Category: ww1

Dec 11 1918 “Informal portrait of 17612 …

Dec 11 1918 “Informal portrait of 17612 Sergeant A C Cripps, 4th Field Company Engineers, who represented Australia in the International Boxing Tournament, held at the Royal Albert Hall” https://t.co/e2biZCkiLe https://t.co/7GXp6oL4jo http://twitter.com/ThisDayInWWI/status/1072689808588173312

Dec 11 1918 “Informal portrait of &lsquo…

Dec 11 1918 “Informal portrait of ‘Digger’ Evans, who represented Australia in the Bantam Weight Division at the International Boxing Tournament, held at the Royal Albert Hall” https://t.co/3yLW8yXeNJ https://t.co/ra8RtYDCHy http://twitter.com/ThisDayInWWI/status/1072689610600271873

Dec 11 1918 “The three officers who mana…

Dec 11 1918 “The three officers who managed the Australian Boxing Team in the International Boxing Tournament, held at the Royal Albert Hall, on 11 December 1918 to 12 December 1918, Lieutenant (Lt) Spencer Green, Captain R W Murphy, and Lt R A Roxburgh” https://t.co/GmLJSPpPzO https://t.co/f0dkAjCsAK http://twitter.com/ThisDayInWWI/status/1072689424654204929

Dec 11 1918 “Informal portrait of 3002 C…

Dec 11 1918 “Informal portrait of 3002 Corporal R G Stephenson DCM, who represented Australia in the Heavyweight Division of the International Boxing Tournament, held at the Royal Albert Hall” https://t.co/1RfDnMDoIm https://t.co/zmncSFHNUV http://twitter.com/ThisDayInWWI/status/1072689215392014336

Dec 11 1918 Numéro d’inventaire A 15 258 Opéra…

Dec 11 1918
Numéro d’inventaire
A 15 258
Opérateur
Georges Chevalier
Légende d’origine
Lorraine France, Metz, La Statue de Guillaume 1er déboulonnée, Vue de plus loin
Légende
Lieu ancien
Metz, Moselle, Lorraine, France https://t.co/xaxWf7Jlwg http://twitter.com/ThisDayInWWI/status/1072683165158793216

                                   “The job is…

                                   “The job is
done and now for us, the USA is the dope“

“Tuesday December 10 1918 – We have pretty good sleeping
quarters now and no more night work, which is mighty good to all the boys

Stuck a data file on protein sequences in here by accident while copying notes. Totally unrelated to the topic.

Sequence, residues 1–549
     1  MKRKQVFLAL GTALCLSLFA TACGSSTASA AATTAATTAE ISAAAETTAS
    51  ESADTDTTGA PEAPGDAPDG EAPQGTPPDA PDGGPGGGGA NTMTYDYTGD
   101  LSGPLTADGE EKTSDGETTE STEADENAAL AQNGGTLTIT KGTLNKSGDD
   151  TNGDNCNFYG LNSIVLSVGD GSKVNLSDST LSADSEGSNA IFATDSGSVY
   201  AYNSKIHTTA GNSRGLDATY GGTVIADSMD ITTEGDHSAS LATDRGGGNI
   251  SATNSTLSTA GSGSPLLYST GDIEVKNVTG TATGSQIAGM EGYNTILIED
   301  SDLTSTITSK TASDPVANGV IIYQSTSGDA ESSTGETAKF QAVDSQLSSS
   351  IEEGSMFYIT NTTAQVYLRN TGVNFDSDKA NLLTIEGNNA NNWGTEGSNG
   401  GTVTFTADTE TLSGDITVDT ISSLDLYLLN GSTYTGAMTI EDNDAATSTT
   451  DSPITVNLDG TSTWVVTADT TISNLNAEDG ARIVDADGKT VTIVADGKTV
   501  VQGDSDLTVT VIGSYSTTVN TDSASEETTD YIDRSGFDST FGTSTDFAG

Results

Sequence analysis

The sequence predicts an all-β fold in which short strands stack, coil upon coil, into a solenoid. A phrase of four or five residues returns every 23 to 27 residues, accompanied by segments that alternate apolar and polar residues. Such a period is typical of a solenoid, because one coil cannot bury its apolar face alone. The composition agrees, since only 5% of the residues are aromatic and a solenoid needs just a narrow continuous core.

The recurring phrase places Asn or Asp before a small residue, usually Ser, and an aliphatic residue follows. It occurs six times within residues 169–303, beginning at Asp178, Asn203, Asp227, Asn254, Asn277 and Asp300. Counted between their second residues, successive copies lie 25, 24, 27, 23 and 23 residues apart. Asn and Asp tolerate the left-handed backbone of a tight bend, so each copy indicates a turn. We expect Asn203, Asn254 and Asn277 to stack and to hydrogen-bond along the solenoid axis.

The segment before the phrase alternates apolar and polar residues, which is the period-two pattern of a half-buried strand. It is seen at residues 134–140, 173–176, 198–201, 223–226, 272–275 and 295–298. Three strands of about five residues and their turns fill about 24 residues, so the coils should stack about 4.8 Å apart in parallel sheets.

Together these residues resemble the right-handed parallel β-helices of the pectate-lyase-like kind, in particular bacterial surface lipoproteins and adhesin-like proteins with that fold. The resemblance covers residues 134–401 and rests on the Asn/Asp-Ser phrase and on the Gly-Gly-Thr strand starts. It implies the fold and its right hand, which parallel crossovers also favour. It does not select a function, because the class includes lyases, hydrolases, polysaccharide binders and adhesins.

knowing that we can go to bed and get full nights sleep. What we are most
anxious for at present is the order to pull for the shore. The job is
done and now for us, the USA is the dope.  We hear all kinds of rumors but
nothing that one can put any faith in. It’s just a matter
of time and it seems mighty long.”

American truck driver in France – The letters of Laurance Bucknam
– Photo: 1918, France, seemingly pensive American ambulance & truck drivers. Tennessee State Library & Archives

“We moved from Briey to Trier. This part of Ge…

“We moved from Briey to Trier. This
part of Germany is a strange contrast to the France from which we come. The
food is plentiful, the farms are wells stocked, the roads are good. In fact,
Germany today has no aspect of a nation who has been at war for over four years.
The people are friendly and several times on the road, I have stopped and had
dinner with some kind German family. Even the peasants have a sort of education,
most of them speaking two or three languages. They are ambiguous people,
leading equally a life at home of peace and culture, and a military life of war
and kultur.”

December 1918, American ambulance driver in Germany – Diary of Allison
LePontois – Crile Archive Center for History Education – Photo: December 1918, American soldiers at the Porta Nigra (Roman city gate) Trier
Germany.

                                            “N…

                                            “Nice,
France, a trip long to be remembered”

“Seven days permission with nothing to do was like heaven! Nice is a beautiful
place, full of flowers and the air full of perfume, the weather
warm and mild and many
congenial friends. I visited Monte Carlo and Monaco, but did not stay. Army
officers are not allowed to play at Monte Carlo at the present.”

1918, American soldier’s letter home – Pacific Service Magazine Volume (June 1918-May 1919) Volume
10
– Photo: 1918, two American
soldiers and a French friend in Nice, France – A grainy photo, but it still captures
the softness in the air, and the lady’s awesome pom-pom hat! The W&M Digital Archive

Mannerheim Made Regent of Finland

Mannerheim (seated) while Regent of Finland.

December 11 1918, Helsinki–After the Whites’ victory in the Finnish Civil War, they decided to make Finland a kingdom.  In a feat of spectacularly bad timing, in October they invited Prince Frederick Charles of Hesse, husband of the Kaiser’s youngest sister, to serve as King of Finland.  Germany’s defeat and the fall of the Kaiser made this arrangement untenable, and in December Frederick Charles renounced the throne without ever having set foot in the country.  Finland was now a kingdom without a king, and its parliament decided to declare Mannerheim, hero of the Civil War, as Regent of Finland, on December 11.  Mannerheim had left Finland after his victory in the Civil War, not wanting to associate further with the Germans whose intervention he had opposed (though they had been instrumental in the Whites’ victory).  Mannerheim was popular among the Whites and, perhaps more importantly, with the Allies, and was able to secure substantial food aid for Finland, often called “Mannerheim bread” in his honor.

In 1919, Finland decided to become a republic, and Mannerheim stepped down as Regent.  He ran for President of Finland, lost, and largely remained out of politics until the 1930′s.

Thats a lot or machine guns. And an American …

Thats a lot or machine guns.
And an American division was about twice the size of a British one, hence the more than double amount of guns.